Thursday, January 20, 2011

When Joey Ramone went to the day spa

Marjorie Ingall uncovered a long-lost treasure from her time at Sassy: An article from the never-published last issue (December 1994) in which the magazine sends Joey Ramone to a day spa. However, thanks to the Internet, the article — written by Andrea Linnett — lives on...

An excerpt!

With Joey's hair saturated, Getty placed a pure plastic cap on his head and led the famous songwriter to a heat-lamp throne, where he enjoyed reading about his socialite friends in Town & Country magazine. After about 20 minutes of pure 18-carat relaxation, Getty took Joey to the extravagant hair washing massage bed so he could receive an aromatherapy scalp rub and shampoo. Joey was on cloud nine as he purred, "I'm finding this very pleasant. I'm in nirvana. (not the band)"

Hairdresser to the rich and famous Hugh Mac Dill arrived to blowdry and style the golden voiced singer's newly revived locks to perfection. Joey's reaction? "My hair's fluffy full." Rejuvenated and ready for the fast-paced life of a superstar, Joey bid Brian and his team farewell, and headed home to his luxury apartment in Manhattan's superexclusive East Village, where a bag full of Aveda products awaited him for his whirlwind tour of glitzy Czechoslovakia.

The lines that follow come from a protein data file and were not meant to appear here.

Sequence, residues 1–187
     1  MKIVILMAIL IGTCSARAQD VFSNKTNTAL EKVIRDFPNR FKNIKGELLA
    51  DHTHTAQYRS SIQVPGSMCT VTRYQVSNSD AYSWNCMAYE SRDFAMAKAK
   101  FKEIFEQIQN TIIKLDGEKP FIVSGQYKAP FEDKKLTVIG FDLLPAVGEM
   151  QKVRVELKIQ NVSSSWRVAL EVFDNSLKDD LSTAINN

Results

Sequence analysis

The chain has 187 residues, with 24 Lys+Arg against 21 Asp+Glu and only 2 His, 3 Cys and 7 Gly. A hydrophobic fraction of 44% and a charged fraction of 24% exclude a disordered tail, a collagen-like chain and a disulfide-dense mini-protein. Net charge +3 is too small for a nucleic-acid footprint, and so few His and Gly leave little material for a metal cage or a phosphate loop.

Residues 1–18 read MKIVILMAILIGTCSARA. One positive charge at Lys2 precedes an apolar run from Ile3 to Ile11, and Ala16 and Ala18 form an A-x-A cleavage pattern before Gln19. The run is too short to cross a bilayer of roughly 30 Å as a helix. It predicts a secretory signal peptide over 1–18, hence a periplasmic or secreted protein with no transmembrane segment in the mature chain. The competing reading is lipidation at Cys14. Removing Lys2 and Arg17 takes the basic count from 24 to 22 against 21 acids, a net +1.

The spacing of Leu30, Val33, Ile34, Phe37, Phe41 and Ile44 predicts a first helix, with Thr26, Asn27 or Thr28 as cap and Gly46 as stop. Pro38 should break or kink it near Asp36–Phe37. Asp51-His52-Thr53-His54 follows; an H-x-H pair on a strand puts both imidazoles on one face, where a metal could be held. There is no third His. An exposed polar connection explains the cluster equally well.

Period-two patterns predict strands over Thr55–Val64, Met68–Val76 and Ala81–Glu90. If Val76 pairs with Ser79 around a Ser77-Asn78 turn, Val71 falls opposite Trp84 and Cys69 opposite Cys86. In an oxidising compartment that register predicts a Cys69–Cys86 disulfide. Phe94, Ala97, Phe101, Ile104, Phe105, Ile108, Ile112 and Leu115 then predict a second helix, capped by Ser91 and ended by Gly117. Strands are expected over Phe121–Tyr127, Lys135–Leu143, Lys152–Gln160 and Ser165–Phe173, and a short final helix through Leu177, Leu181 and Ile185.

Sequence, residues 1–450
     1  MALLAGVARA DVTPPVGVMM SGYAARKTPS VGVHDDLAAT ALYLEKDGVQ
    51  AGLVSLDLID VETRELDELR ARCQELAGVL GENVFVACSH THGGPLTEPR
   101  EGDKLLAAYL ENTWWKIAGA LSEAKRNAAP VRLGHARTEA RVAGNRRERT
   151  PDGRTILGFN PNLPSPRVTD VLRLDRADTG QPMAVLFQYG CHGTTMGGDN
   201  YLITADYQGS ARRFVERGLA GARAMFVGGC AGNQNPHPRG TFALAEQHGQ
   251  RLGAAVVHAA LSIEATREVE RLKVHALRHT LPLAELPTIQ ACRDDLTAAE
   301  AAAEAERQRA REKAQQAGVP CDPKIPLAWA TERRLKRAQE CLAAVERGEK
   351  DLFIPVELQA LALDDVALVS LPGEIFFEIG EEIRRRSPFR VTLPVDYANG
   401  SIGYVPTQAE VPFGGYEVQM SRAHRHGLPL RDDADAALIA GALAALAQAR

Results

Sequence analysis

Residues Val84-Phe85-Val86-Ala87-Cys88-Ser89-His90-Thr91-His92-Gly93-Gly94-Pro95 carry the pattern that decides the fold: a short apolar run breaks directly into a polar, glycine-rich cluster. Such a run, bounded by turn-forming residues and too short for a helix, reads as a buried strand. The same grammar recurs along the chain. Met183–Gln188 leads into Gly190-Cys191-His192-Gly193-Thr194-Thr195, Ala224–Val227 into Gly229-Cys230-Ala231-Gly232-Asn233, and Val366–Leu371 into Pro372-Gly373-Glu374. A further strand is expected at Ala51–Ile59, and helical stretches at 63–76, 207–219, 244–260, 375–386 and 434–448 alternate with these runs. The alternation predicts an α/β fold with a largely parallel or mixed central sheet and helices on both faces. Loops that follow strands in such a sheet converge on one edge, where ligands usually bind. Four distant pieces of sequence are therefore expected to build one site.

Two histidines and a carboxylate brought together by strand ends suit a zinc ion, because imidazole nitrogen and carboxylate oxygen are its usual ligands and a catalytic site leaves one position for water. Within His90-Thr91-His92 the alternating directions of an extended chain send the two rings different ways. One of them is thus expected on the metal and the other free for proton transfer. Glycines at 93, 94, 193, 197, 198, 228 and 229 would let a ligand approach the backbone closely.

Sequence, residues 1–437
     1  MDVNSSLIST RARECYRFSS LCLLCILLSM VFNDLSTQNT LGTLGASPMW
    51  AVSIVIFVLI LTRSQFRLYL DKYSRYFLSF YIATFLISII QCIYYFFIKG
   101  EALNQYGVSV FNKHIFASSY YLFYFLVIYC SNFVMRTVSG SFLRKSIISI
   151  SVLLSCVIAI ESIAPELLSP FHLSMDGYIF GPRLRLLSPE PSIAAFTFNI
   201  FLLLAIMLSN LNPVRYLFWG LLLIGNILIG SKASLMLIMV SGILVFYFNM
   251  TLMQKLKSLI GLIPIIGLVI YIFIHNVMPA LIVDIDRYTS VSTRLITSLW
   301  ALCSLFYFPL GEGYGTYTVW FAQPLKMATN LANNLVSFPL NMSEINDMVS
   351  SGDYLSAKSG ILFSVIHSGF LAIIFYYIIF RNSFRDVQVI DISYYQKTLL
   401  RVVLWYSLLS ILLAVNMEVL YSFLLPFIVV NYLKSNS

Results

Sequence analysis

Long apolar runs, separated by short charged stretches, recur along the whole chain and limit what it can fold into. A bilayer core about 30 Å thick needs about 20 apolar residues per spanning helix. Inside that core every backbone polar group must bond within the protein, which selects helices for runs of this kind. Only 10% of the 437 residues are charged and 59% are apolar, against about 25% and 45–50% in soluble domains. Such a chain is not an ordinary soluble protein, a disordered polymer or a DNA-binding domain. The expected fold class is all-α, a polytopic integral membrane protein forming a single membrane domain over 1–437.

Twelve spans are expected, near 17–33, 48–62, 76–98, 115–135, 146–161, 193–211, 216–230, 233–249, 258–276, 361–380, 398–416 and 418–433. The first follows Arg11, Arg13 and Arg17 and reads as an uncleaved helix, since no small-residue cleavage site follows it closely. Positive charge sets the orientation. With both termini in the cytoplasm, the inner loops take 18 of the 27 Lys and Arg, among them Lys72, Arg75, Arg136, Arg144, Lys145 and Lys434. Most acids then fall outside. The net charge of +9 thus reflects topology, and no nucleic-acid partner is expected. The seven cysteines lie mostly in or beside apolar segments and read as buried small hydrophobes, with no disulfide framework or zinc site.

You can read the whole piece here.

Writes Marjorie on her blog: "I remember everyone gushing about how terribly sweet and terribly shy Joey Ramone was on his spa day."

Related reading, kind of, on EV Grieve:
Forget James Cramer and his ilk, how would Joey Ramone invest in this troubled market?


Anonymous said...

Luxury apartment Oh that dump! He lived in that large white building on 9th and 3rd Ave, you know one of those white brick modernists that wnt up in the sixties as affordable housing. I'm pretty sure...

Anonymous said...

yup, that's where he lived. The apts in there can be pretty big. NOt sure what you point is. Arbitrary cynicism?

Anonymous said...

I'm just trying to say that the building is modest, and that it went up originally as affordable housing. The white brick was a concept to brighten up the landscape. These buildings are all over the city. The ones that are well maintained look good and the ones that are not look dumpy. Theres another one of those types a couple of blocks away, the one with the curve around for cars that looks mint.